Dr. James Mohler Discusses Androgen-Deprivation Therapy

James Mohler, MD
Published Online: Tuesday, Oct 16, 2012
James Mohler, MD, Associate Director and Senior-Vice President for Translational Research, Chair, Department of Urology, Professor of Oncology, Roswell Park Cancer Institute, discusses androgen-deprivation therapy (ADT), a standard treatment for men with metastatic prostate cancer.

Mohler believes ADT should only be used to prevent a death from prostate cancer. Before administering ADT, strict calculations should be performed to determine if the cancer is life threatening. Mohler suggests weighing tumor growth rate, tumor volume, health, family history, and age before administering ADT, in order to have a complete knowledge of the risks and benefits associated with treatment.

Additionally, the treatment modality has a substantial impact on the efficacy of ADT. Various methods should be discussed as part of a treatment plan, including whether treatment should be continuous or intermittent, with or without an antiandrogen, or with surgical intervention or an LHRH agonist.

Mohler believes the decision to begin ADT is often rushed, following a prostatectomy or radiation therapy. He believes that in the era of personalized medicine it is important to consider individual characteristics, to determine the most appropriate treatment.

James Mohler, MD, Associate Director and Senior-Vice President for Translational Research, Chair, Department of Urology, Professor of Oncology, Roswell Park Cancer Institute, discusses androgen-deprivation therapy (ADT), a standard treatment for men with metastatic prostate cancer.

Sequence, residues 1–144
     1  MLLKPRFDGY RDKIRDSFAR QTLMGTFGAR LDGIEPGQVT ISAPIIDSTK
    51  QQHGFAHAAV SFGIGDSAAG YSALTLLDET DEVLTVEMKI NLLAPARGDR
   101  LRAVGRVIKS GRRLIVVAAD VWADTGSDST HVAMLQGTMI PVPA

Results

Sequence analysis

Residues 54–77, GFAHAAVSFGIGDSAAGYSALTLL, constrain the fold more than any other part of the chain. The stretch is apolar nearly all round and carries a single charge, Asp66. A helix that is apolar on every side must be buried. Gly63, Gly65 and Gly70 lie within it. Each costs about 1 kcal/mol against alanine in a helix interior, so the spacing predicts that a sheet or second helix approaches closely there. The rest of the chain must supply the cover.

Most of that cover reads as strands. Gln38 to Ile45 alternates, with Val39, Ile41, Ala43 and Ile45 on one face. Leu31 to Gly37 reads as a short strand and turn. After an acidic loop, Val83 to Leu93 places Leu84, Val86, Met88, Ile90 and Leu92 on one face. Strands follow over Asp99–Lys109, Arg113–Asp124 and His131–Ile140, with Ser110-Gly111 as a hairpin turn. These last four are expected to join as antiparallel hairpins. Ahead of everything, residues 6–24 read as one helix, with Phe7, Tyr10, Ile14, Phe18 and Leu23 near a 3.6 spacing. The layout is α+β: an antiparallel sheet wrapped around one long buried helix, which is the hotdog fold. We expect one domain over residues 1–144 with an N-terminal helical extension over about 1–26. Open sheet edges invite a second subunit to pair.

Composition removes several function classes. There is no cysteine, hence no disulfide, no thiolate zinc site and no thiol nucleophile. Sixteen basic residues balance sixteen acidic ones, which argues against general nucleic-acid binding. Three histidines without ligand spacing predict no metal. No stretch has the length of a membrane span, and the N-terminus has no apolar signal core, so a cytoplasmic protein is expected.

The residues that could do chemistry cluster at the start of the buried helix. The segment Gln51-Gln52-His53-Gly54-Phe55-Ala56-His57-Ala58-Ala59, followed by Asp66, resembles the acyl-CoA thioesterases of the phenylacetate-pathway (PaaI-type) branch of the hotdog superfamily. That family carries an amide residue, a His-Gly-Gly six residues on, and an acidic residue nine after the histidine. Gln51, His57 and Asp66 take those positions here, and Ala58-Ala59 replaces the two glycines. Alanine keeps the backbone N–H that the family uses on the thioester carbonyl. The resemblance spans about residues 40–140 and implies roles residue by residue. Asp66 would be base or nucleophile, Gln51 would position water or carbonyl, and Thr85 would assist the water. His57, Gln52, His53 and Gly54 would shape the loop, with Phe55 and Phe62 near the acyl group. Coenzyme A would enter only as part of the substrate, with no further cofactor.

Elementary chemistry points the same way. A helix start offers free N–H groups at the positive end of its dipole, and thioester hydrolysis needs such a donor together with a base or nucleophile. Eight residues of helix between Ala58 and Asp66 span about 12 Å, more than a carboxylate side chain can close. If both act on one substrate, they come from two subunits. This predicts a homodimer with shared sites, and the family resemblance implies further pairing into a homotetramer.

Mohler believes ADT should only be used to prevent a death from prostate cancer. Before administering ADT, strict calculations should be performed to determine if the cancer is life threatening. Mohler suggests weighing tumor growth rate, tumor volume, health, family history, and age before administering ADT, in order to have a complete knowledge of the risks and benefits associated with treatment.

Additionally, the treatment modality has a substantial impact on the efficacy of ADT. Various methods should be discussed as part of a treatment plan, including whether treatment should be continuous or intermittent, with or without an antiandrogen, or with surgical intervention or an LHRH agonist.

Mohler believes the decision to begin ADT is often rushed, following a prostatectomy or radiation therapy. He believes that in the era of personalized medicine it is important to consider individual characteristics, to determine the most appropriate treatment.

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